Dr. Camille DeClementi is vice president of ASPCA Animal Hospital in New York City. She serves on the Veterinary Innovation Council board and is a past co-owner of Animal Emergency Clinic in Champaign, Illinois.Read Articles Written by Camille DeClementi
I’d wager that most veterinarians feel both excitement and trepidation when thinking about how telemedicine will change the way they practice veterinary medicine. The pandemic made telemedicine a necessity for many of them, but now that COVID-19 is moving toward being endemic, should we keep practicing telemedicine as we did at its height? I think so, and here’s why: At its core, expanding access to telemedicine is an animal welfare issue. Telemedicine enhances access to veterinary care, reduces patient fear and stress, and supports animal sheltering.
The human medicine community recognizes that telemedicine technologies can improve access to health care. In all 50 states, for example, physicians may use telemedicine to establish doctor-patient relationships and can employ the technologies to diagnose and treat current and new patients, including infants and nonverbal adults.
It’s time for veterinary medicine to follow suit. Licensed veterinarians should be legally and professionally empowered to determine when to use telemedicine. Unfortunately, at least 10 states forbid veterinarians from using telemedicine technologies with new patients, often going so far as to classify such activities as “unprofessional conduct,” for which veterinarians can be disciplined.
Many pets don’t see a veterinarian regularly, often because their owners confront significant barriers, including the cost of care. The obstacles can result in pet owners forgoing or postponing treatment or relinquishing the animal. Furthermore:
- In 2020, the chief economist for the American Veterinary Medical Association estimated that over 50 million pets, about one-third, do not see a veterinarian at least once a year.
- A study published in the Journal of the American Veterinary Medical Association indicated that the cost of care was cited frequently as an obstacle to veterinary care.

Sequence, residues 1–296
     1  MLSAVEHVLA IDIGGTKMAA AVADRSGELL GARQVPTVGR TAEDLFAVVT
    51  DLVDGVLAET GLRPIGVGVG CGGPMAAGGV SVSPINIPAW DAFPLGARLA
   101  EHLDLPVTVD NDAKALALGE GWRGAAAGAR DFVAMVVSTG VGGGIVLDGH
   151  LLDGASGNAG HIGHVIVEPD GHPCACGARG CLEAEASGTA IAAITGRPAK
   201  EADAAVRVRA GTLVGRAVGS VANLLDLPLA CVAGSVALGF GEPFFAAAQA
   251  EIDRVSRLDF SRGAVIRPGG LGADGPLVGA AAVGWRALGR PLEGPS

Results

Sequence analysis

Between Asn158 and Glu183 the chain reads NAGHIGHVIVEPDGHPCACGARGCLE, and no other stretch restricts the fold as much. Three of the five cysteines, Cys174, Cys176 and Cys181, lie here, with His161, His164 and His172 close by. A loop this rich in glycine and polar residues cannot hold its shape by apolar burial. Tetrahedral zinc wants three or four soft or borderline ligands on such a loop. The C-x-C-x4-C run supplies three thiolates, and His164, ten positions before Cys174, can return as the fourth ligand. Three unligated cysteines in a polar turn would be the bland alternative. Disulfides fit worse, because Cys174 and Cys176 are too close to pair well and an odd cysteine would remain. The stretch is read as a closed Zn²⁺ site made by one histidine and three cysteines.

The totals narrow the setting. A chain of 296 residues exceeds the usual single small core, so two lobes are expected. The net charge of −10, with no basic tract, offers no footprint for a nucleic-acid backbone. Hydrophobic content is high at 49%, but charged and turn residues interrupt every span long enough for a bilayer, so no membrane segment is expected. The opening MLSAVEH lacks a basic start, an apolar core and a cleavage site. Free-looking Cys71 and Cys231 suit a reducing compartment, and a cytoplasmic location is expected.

- A national study showed that 40% of low-income owners who rehomed their pets reported that access to affordable veterinary care would have helped them keep the animal.
Telemedicine addresses financial barriers by providing a cost-effective option for many pet owners. It also helps them avoid additional travel expenses and perhaps unnecessary time off work.
While finances are a frequently cited obstacle to veterinary care, many people live in areas with few or no veterinary services, or they might face logistical hurdles. Especially when those factors are combined, families might forgo basic preventive care, leading to more urgent medical conditions.
Telemedicine addresses the geographic and logistical problems encountered by many pet owners, including seniors, individuals with disabilities, those lacking transportation, and those who live in underserved urban or remote areas. Telemedicine also can address the challenges of transporting large or aggressive animals.
The current shortage of veterinarians and other veterinary professionals might worsen access problems. For example, a September 2020 study found that 75 million U.S. pets could be without veterinary care by 2030 if we do not update our approach to providing our services.
The expanded use of telemedicine technologies helps to:
- Bridge gaps in care caused by workforce shortages.
- Increase access to the veterinary health care system.
- Keep pets and people together.
Research has documented that clinical examinations are stressful for most dogs and cats. One study demonstrated that almost 78% of dogs studied showed fearful behavior during a standardized clinical exam, with 13% so frightened that they had to be dragged or carried into the exam room. In addition, dogs and cats are sometimes separated from their owners for medical exams, which often happened during the pandemic. In many cases, the separation results in even greater stress.
Besides decreasing fear and stress in healthy patients, the use of telemedicine for palliative and end-of-life care has the potential to reduce unnecessary clinic visits, minimize stress, and lessen the suffering of senior or terminally ill patients.
Lastly, animal shelters with staff veterinarians might face situations where doctors who cannot be on the premises could provide care through telemedicine. For animal shelters without staff veterinarians, third-party doctors might be able to provide valuable, lifesaving services through telemedicine.
I believe veterinary care should be accessible to all pets regardless of their owners’ socioeconomic status, physical limitations or location. Telemedicine addresses multiple animal welfare concerns by:
- Expanding access to care so that more pets can remain with their caring owners.
- Reducing patient fear and stress.
- Supporting animal sheltering.
Let’s work to make sure veterinarians can use this powerful tool.
Check out the Veterinary Virtual Care Association’s interactive, state-by-state telemedicine regulatory map at bit.ly/3jghPLl.